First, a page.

A ONE OF A KIND LADY: A TRIBUTE TO MY GRANDMOTHER LUCY
By Avellina Balestri
Word Count: 1045
Summary: Avellina Balestri’s tribute to her grandmother.
My Grandma Lucy (Dec. 13, 1923 [Feast of St. Lucy] – Jan. 21, 2013 [Feast of St. Agnes])was a one of a kind lady. There will never be another human being quite like her. She had real “personality”; indeed, she won an award for the best personality in High School. That was back when she was part of “The Dizzy Seniors”, her school clique that was commemorated in her year book by a photograph of them brandishing fencing swords. “See my pinky, see my thumb, see my fist…you’d better run!” Yes, that was Grandma. Sweetness and spiciness wrapped up in a classy exterior. She was always meticulous about her appearance, as long as her mental faculties remained intact. From blouses and skirts in her younger years, to turtlenecks and slacks, a pocketbook slung over her shoulder as she reached “the golden years”, she was fashionable and well-kept.
I remember vividly the times I spent with her on family trips to New Jersey over the years, and I fondly reminisce on all the adventures we had together. There was the time the lights went out, and she and I descended into her musty cellar to see what had gone amiss. There, in the infamous “cement closet”, the terror of youths for generations, I dutifully held aloft a flashlight for her to see as she rummaged about to figure out what had gone wrong. It was eventually discovered that the power failure was not just at the house, nor just along the street, but across part of the eastern seaboard! As a result, Fort Lee residents one and all emerged from their homes to eat dinner on their porches by candlelight. As darkness fell, everyone continued to loiter outside, enjoying the familiar sense of community and good conversation.
I remember traveling to Aunt Kay’s in New York State with my parents and Grandma, annoying her to death with trivia and eating too many sticks of bubble gum; I remember visiting her friend Rose and all the adjacent NJ towns; I remember how we would take her to church on Sunday and then come home to a lunch of cold-cuts and noodle salad; I remember sitting alongside her on her living room couch in the evening, watching “Antiques Road Show” or “Sanford and Son”, eating Dixie ice cream cups. I also remember the “pick-up” dinners from Boston Chicken and Hiram’s Hotdogs, the instant sweetened oatmeal for breakfast, the buttered muffins, the glasses of NJ tap water, and the way she would call up the stairs at 7 A.M.: “Are you people ever getting up???” She always was punctual, and a painfully early riser!
I remember the visits from relatives, the way Grandma and Mom would clean up the house, and Dad and I would go out to the local stores, A&P and others, to buy packages of pastries and tea. I remember how I would help her hang her laundry on the clothes line stretching across her flower garden and how I would build “fairy houses” out by her yard gnomes and blue glass ball on a pedestal. I would take pictures on everything in sight with my little pink camera, paste them in a notebook, and surround them with stickers. I would also draw pictures galore with my handy-dandy art kit. Grandma always commented on how artistic I was. I remember how we would “spy” on her neighbors together through her front curtains, how she would read the newspaper, watch the news, and keep track of things going on in the world around her. I remember showing her the contents of my backpack, all of my treasures, and her marvelous laugh and sparkling blue eyes.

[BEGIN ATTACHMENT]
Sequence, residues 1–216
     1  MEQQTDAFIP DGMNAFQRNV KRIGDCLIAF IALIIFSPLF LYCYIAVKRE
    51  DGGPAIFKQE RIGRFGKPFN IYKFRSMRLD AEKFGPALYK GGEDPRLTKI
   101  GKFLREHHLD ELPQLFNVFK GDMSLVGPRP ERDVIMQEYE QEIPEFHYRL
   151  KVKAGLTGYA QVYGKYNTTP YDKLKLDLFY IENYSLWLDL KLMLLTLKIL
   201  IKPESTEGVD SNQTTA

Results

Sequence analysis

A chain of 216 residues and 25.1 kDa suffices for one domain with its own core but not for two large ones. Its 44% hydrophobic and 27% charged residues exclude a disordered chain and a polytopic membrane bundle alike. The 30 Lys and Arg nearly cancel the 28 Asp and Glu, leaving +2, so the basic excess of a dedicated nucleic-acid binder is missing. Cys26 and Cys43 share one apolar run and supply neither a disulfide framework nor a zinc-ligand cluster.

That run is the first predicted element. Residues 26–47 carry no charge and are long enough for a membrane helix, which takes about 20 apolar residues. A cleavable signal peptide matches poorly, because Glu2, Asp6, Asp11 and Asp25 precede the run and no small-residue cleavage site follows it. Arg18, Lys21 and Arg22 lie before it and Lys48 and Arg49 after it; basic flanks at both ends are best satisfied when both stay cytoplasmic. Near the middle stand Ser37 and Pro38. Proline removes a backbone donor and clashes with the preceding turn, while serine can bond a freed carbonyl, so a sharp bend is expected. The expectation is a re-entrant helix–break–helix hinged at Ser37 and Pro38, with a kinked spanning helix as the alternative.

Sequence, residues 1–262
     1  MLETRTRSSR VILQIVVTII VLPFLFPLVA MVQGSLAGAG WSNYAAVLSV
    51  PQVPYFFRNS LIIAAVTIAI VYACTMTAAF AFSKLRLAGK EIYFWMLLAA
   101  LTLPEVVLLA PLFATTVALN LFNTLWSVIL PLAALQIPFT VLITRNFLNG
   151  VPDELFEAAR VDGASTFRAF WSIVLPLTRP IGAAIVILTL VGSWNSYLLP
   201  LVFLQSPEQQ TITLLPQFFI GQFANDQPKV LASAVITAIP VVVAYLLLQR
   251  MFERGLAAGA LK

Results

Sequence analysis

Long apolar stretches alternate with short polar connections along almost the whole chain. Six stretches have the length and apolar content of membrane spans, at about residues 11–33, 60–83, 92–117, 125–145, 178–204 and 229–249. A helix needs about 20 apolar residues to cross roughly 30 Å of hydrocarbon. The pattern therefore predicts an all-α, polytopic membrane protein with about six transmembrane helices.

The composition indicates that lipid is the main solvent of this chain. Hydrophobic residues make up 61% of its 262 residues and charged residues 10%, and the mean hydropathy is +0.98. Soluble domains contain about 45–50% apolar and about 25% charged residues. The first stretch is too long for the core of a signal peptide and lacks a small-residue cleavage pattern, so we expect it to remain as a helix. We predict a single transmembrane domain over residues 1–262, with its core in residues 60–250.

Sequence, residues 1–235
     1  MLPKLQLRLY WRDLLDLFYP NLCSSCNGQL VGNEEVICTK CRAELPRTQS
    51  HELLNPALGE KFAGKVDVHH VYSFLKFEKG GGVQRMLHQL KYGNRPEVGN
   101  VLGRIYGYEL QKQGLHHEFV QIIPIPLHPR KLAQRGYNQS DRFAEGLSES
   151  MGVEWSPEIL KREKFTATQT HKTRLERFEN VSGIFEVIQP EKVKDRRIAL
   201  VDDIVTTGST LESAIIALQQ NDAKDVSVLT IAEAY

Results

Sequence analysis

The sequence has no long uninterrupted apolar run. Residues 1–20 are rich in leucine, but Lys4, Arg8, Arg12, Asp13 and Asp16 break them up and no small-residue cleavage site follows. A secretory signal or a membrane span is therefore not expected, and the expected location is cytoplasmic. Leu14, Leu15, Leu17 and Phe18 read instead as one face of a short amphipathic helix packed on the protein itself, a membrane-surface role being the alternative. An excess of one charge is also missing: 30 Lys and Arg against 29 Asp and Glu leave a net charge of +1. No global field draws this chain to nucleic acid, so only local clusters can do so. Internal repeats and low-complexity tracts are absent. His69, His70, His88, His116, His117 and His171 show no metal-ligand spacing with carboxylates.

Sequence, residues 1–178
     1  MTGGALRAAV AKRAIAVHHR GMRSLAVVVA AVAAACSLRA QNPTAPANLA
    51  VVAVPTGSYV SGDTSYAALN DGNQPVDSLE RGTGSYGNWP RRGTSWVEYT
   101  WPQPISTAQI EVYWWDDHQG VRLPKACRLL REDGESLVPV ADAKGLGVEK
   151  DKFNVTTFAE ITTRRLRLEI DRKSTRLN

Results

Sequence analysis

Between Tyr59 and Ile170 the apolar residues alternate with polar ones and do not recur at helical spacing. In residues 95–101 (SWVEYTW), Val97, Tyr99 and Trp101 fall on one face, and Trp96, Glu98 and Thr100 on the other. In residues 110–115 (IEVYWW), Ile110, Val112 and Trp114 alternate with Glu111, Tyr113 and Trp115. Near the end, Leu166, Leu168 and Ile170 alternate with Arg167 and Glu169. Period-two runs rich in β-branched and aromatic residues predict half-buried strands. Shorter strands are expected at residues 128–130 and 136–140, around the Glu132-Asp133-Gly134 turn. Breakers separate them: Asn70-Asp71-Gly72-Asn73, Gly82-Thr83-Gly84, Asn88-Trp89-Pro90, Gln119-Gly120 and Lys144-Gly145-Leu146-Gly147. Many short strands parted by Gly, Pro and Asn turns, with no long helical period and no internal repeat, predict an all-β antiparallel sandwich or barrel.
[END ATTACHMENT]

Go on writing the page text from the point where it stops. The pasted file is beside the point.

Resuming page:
There’s so much to remember. So many things that hurt to think back on. Going to Fort Lee, NJ, for Grandma’s funeral left a burning ache in my heart. She’s gone from this world, and Fort Lee, for me at least, seems to have lost its soul. Almost everything I saw reminded me of her, but she was nowhere to be found. And even years before she died, her “memory bank had broke”, as she so aptly put it. She suffered from advanced Dementia, stopped being able to take care of her appearance by herself, and became paranoid to be alone. She had a hard time remembering people, even those who were closest to her, and would sometimes lash out at those trying to care for her or those who she perceived as invading her privacy. But she could still clearly remember old time songs as well as ever, and we got her to sing with us over the phone when we made our weekly calls. She’d ask me repeatedly, “How old are you now?” “Where do you live?”, and then would teasingly inquire, “Got any boyfriends?” That was before she caught Pneumonia. Complications ensued. She drifted off into her own world for the last several weeks. And then…
Gazing at the skyline of New York City, the colossal buildings, trucks and traffic, and castle-like smoke-spewing factories with red lights made me feel like I had entered the fantasy world of J. R. R. Tolkien. I thought of my farmland home in Maryland and thought of the hobbits leaving the Shire, facing the darkness pervading the outside world. I felt it bear down on me heavily, as I tasted the distinct taste of tap-water and thought of Grandma, when we explored a great empty pink house on the bluffs about the be demolished and gazed on the great city from across the G. W. Bridge together. Oh, Grandma, where are you? May God bring us together again, someday, in a place where nothing can separate us…let me hear your laugh and your wonderful singing voice, let me see your smile and your beautiful blue eyes…let the darkness of the night give way to the dawn…
“Home is behind, the world ahead,
And there are many paths to tread,
Through shadow, to the edge of night,
Until the stars are all alight,
Mist and shadow, cloud and shade,
All shall fade, all shall fade…”
“Eternal rest grant unto her, O Lord,
And let your perpetual light shine upon her,
May the soul of Lucy Balestri
Through the mercy of God Rest in Peace,